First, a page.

VMware’s latest effort, CloudFoundry, is not about VMware delving into the PaaS market even deeper. They have done that already with VMforce. CloudFoundry on the other hand is a fairly astute move to enable the development and rapid adoption of cloud based applications. The end goal is to sell what makes up a PaaS environment which is more enabling software. This would enable enterprises and businesses to move to the cloud. The problem with them moving now is that there are not that many applications that are cloud friendly. In effect more concentration on the application and less on the operating system which has always been VMware’s strategic direction.
On the 4/7/2011 Virtualization Security Podcast, we were joined by Wyatt Starnes of Harris Corporation. Wyatt is the Vice President of Advanced Concepts of Cyber Integrated Solutions at Harris. What this means, is that Wyatt is one of the key folks of the Harris Trusted Cloud initiative. Trust is a funny word, and we have written about that in the past. Harris’ approach is unique in that they are attempting to ensure integrity of all components of the cloud down to the code level, not just the network with their target being the hosted private cloud and NOT the secure multi-tenant public cloud.
There were two announcements over the last few days that struck me as quite important to the virtualization community. While some may question this statement, the long reaching effects of these purchases will impact virtualization and cloud computing in not so distant future. In fact, these purchases could add a whole new layer to vSphere as we know it today. Which for VMware is a good thing. They need to continue to innovate to stay ahead of the pack. The purchases I talk about are:
VMware purchasing/taking over control of EMC Mozy
RSA purchasing NetWitness
Managing licensing and utilization costs is a mess today in the physical world. Introducing elastic scaling of workloads into a hybrid private/public cloud introduces new uncertainties and new software licensing metering and compliance issues. This is particularly true in the case of enterprise applications which are licensed by the enterprise from the software vendor and then deployed on an as needed basis on Iaas or PaaS clouds.
With the diversity of cloud’s available today, data being sent from one to another could appear to be a hodge-podge of security. As one colleague put it recently when I asked what he was expecting to maintain integrity of data in motion between clouds:
“… what kind of kludge can things end up being when you have multiple connections to multiple hybrid clouds all doing different things” — Steve Beaver
So how does data transfer between the clouds? Is it a kludge? or can it be done using a uniform security policy, procedures, and protocols while maintaining Integrity and Confidentiality and auditability?
VMware released 3 versions of vCenter Operations, standard, advanced, Enterprise. We have already discussed the abilities of vCenter Operations vCenter Operations – vSphere Performance, Capacity and Configuration Management with Self Learning Analytics but is this an integrated and secure implementation of monitoring or do we need more security than what is provided?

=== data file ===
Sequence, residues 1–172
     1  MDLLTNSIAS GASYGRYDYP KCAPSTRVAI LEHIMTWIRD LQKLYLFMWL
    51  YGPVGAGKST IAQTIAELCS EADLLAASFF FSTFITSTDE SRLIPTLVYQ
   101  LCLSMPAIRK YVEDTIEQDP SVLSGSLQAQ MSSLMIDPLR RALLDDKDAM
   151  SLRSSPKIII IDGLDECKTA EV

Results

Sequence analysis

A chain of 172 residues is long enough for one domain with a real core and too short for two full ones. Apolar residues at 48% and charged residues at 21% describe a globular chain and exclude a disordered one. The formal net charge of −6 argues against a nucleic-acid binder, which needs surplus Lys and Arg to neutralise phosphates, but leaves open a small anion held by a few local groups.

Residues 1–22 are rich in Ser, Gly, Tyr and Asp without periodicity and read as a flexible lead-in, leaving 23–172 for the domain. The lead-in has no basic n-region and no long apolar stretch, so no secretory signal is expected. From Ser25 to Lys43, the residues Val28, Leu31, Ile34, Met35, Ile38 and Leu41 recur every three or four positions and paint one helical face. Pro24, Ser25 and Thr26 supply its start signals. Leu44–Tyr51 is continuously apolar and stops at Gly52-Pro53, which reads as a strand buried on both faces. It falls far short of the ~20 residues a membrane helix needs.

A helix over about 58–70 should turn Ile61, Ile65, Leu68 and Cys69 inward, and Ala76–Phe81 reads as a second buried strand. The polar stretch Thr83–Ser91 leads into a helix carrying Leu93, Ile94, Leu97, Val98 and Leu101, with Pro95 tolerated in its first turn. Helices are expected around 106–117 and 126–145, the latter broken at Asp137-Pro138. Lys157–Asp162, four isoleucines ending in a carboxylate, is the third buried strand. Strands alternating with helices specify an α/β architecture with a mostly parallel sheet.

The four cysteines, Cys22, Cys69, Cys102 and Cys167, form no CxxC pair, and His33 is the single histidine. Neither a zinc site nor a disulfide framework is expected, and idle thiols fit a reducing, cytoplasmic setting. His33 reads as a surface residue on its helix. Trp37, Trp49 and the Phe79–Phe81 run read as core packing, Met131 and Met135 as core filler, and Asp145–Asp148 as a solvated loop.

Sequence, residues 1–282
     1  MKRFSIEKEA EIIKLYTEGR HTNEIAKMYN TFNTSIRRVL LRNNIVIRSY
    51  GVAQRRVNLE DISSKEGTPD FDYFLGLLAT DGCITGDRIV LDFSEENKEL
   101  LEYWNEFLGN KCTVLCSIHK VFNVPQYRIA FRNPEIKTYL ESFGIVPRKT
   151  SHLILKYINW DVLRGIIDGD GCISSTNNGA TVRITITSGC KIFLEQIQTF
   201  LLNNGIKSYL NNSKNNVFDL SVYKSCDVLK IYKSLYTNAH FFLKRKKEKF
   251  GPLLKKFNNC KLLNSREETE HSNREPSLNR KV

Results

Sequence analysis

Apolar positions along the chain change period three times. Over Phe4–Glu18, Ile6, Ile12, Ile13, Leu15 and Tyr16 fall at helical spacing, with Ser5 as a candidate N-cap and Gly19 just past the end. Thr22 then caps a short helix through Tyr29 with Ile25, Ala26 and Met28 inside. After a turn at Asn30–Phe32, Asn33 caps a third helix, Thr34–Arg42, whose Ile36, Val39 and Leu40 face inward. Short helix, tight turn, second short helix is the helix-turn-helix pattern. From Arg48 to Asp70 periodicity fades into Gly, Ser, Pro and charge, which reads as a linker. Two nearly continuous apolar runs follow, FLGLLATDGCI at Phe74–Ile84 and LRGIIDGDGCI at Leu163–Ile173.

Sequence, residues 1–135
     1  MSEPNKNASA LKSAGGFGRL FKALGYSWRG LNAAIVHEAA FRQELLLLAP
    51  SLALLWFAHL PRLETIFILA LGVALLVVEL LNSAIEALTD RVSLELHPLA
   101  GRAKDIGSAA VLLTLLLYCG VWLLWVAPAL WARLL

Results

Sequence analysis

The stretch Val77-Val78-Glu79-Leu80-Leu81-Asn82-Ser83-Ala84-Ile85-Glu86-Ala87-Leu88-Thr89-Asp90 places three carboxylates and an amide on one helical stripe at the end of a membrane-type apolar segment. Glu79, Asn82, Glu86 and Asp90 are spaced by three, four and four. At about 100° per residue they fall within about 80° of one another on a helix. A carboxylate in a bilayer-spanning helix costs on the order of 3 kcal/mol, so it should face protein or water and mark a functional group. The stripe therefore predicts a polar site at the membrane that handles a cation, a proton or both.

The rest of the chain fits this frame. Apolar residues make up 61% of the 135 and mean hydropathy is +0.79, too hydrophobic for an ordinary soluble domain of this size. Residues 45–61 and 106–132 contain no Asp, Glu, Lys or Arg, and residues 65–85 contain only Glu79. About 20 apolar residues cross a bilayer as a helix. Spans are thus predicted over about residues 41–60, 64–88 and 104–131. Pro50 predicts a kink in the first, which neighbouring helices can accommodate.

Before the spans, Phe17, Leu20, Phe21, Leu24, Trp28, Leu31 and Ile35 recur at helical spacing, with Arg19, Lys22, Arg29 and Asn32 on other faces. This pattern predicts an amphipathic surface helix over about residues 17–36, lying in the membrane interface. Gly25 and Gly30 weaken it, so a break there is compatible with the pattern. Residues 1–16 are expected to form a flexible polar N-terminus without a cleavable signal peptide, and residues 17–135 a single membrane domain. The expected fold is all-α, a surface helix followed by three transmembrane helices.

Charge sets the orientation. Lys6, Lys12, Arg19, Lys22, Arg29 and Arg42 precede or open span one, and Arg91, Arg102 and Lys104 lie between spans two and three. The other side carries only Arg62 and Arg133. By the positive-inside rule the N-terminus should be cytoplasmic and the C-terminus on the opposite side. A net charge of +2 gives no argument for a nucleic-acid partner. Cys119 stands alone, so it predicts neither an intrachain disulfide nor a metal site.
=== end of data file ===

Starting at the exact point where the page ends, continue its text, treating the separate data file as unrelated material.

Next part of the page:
At the time the first article was written there was a bit of vital information we did not have available to us. That is how to access vCenter Operations Standard or Advanced in a multi-tenant manner, that has now been provided. vCenter Operations Alive functionality can be accessed directly from a web browser using your VMware vCenter Credentials, which allows you to see the Alive status of any VM you have the permissions to view. This capability is a huge capability, as it now allows me to provide a non-vSphere Client mechanism to view the status of the virtual environment.
Last week I spoke with two different Security as a Service vendors, each with their own approaches to security as a service. The first company I spoke to was CloudPassage who just exited stealth mode in time for RSA Conference, and Zscaler who is a well known company. Both provide Security as a Service with a similar approach by a different design. Both make use of large grids or computers to do all the heavy lifting of security, but from there they differ completely. While there is some overlap in the products, the different designs show us multiple ways to implement Security as a Service.
I just finished reading, yet another Multi-Tenancy Design/Overview that claims to be secure or trusted. While I will agree that this particular design does cover Availability and some GRC (Governance, Regulatory, and Compliance) it is severely lacking in Integrity and Confidentiality. The design even went as far as saying the cloud/virtual administrator requires “COMPLETE VISIBILITY.” I was really taken aback by those words. Why does an administrator need ‘COMPLETE VISIBILITY?’ Which leads me to the question is Integrity and Confidentiality possible within any cloud or virtual environment? Or is it purely based on TRUST?
If so this is an appalling state of virtual and cloud environment security.
In July 2009 I wrote an article entitled Cloud Computing Providers — are they content providers or carriers? and in January of 2011 Chuck Hollis wrote an article Verizon To Acquire Terremark — You Shouldn’t Be Surprised. Now with the Terremark acquisition almost complete and RSA Conference 2011 also over, at which I talked to Terremark about the benefits of belonging to Verizon, a picture is starting to emerge. Yes, my predictions in 2009 make sense and still hold forth today, but is there more of an impact than we realize?
Join my Circle on Google+
Plugin by Social Author Bio